WAJA & WAAMH Report: Strengthening the Criminal Law (Mentally Impaired Accused) Act 1996 (WA) (‘CLMIA Act’)

The Western Australian Justice Association (WAJA) partnered with the Western Australia Association for Mental Health (WAAMH) to areas for improvement within the Criminal Law (Mentally Impaired Accused) Act 1996 (WA), also known as the CLMIA Act, as the current CLMIA Act fails to uphold the principles of natural justice and procedural fairness, leaving individuals with mental and cognitive impairments without appropriate treatment, exposing individuals to indefinite imprisonment, often exceeding potential sentences for criminal convictions, undermining core justice system values such as equality and the right to a fair trial.

The report, titled Justice Delayed is Justice Denied: A Report to Strengthen the Criminal Law (Mentally Impaired Accused) Act, identifies potential solutions, including a centralised process in courts to determine fitness to stand trial, improving communication and cooperation between key agencies, and restoring fitness in a person-centered, family-sensitive, and recovery-focused manner.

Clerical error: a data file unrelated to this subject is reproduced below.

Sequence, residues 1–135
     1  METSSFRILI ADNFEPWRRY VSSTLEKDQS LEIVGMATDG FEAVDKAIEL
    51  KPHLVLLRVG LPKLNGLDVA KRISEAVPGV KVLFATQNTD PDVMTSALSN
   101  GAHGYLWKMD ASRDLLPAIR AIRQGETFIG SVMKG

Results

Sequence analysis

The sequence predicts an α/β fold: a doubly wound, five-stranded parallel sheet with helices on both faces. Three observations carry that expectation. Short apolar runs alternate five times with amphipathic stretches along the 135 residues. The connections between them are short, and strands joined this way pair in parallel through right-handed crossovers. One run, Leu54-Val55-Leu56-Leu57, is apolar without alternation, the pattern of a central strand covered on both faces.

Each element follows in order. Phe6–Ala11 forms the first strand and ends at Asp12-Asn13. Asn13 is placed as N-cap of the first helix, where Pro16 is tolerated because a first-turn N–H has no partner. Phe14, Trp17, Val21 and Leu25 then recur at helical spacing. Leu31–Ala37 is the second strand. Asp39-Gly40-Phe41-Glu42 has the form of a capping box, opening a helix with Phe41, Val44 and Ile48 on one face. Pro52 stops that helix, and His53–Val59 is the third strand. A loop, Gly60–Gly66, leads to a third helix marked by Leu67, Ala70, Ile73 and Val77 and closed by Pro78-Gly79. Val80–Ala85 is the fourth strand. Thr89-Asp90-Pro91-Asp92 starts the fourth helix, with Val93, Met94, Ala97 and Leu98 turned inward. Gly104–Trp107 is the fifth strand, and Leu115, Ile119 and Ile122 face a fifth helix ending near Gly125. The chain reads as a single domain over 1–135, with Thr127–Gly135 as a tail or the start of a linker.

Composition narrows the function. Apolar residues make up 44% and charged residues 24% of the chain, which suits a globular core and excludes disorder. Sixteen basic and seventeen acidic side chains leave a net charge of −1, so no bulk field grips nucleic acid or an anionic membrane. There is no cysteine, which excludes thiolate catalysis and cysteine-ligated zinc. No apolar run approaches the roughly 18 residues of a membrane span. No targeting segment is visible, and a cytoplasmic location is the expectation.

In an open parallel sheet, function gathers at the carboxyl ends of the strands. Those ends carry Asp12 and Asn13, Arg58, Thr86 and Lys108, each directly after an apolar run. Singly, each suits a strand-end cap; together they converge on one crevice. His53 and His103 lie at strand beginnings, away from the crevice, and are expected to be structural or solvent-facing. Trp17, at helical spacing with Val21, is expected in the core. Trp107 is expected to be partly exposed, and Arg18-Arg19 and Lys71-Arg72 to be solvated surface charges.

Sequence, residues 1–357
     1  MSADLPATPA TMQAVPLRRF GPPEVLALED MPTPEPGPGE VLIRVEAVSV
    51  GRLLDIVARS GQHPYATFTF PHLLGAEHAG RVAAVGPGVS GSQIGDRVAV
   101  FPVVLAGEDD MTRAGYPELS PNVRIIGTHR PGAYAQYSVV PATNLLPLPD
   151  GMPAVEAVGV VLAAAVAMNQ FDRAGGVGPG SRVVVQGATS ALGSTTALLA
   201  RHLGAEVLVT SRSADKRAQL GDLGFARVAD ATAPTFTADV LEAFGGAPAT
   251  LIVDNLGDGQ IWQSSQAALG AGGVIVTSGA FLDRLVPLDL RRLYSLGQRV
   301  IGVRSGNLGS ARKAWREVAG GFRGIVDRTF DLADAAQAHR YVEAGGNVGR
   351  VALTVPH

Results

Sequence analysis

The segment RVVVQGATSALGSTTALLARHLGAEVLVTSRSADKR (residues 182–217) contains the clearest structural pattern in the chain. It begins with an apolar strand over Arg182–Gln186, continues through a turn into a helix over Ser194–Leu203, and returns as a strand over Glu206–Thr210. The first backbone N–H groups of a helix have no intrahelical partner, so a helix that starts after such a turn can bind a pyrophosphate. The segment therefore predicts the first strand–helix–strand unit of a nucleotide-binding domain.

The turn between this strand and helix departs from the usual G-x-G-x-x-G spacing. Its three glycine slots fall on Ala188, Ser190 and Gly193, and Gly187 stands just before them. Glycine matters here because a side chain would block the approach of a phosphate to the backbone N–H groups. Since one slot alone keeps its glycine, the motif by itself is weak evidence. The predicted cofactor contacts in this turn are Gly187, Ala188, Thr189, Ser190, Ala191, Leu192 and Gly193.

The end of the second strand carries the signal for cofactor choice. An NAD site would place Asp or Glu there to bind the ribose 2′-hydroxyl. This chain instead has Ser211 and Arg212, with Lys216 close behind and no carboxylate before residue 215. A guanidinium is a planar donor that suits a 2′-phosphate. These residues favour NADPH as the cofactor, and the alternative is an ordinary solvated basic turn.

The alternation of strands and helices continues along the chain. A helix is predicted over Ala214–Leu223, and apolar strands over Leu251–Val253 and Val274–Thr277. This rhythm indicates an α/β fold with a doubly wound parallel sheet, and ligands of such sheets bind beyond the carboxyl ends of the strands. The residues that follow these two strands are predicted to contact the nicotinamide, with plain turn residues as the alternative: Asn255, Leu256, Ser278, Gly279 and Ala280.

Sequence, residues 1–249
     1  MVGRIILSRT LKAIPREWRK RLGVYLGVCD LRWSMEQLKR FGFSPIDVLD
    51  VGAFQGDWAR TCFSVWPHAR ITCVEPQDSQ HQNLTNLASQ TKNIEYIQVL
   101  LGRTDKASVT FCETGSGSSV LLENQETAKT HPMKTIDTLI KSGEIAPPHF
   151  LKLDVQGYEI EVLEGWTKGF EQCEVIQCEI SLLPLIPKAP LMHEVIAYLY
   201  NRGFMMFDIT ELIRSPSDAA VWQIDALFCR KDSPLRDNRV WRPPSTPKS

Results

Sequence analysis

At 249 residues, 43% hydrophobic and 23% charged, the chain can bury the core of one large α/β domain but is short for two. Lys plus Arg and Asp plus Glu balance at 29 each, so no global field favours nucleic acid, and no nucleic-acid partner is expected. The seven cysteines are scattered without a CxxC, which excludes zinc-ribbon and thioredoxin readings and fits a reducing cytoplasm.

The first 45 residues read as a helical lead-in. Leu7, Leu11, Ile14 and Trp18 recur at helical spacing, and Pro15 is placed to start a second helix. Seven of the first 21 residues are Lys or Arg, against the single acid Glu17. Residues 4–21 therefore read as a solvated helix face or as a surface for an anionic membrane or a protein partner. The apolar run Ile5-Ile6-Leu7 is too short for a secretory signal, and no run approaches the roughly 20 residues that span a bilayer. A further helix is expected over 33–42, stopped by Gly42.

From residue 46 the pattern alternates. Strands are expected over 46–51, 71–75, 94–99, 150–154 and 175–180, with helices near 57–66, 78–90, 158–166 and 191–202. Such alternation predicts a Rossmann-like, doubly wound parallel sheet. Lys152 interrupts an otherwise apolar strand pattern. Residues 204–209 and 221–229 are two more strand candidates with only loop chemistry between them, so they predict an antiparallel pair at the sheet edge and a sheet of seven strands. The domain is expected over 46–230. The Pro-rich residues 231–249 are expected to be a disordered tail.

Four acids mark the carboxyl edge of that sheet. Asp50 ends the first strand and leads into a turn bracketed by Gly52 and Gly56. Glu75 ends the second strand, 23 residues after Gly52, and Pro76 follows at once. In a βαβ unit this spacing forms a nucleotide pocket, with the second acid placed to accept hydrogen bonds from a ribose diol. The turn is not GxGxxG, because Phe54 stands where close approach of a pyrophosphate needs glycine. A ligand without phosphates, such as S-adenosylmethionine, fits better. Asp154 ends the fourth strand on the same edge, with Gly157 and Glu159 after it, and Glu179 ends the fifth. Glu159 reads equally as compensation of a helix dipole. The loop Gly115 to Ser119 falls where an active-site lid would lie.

Deficiencies in the current system were identified through extensive literature reviews and consultations with key agencies. WAJA & WAAMH present a series of recommendations for a proposed new system to ensure fair, informed outcomes for accused individuals under the CLMIA Act. The intention of the report, in conjunction with existing recommendations, is to strengthen advocacy efforts by WAAMH to protect the rights of this vulnerable group.

Report recommendations

The recommendations are categorised into three key areas. First, in the Improving the Process in Courts section, suggestions include enhancing information sharing, implementing a list approach for cases related to unfitness, reforming fitness testing, granting more judicial discretion for custody orders, setting limits on detention, and reforming the Mentally Impaired Accused Review Board (MIARB).

In the Streamlining the Process for Lawyers section, proposals involve implementing a support person to bridge information gaps, enhancing support for lawyers and clients, supporting clients through a fair trial, providing training for lawyers, and ensuring representation rights for mentally impaired individuals.

Lastly, under Endorsing a Person-Centered Approach, the recommendations focus on advocating for increased access to custody facilities and strengthening the use of Support Plans to achieve better outcomes. The recommendations aim to address the deficiencies in the existing system and provide a comprehensive approach to improve the treatment and rights of individuals within the CLMIA Act.

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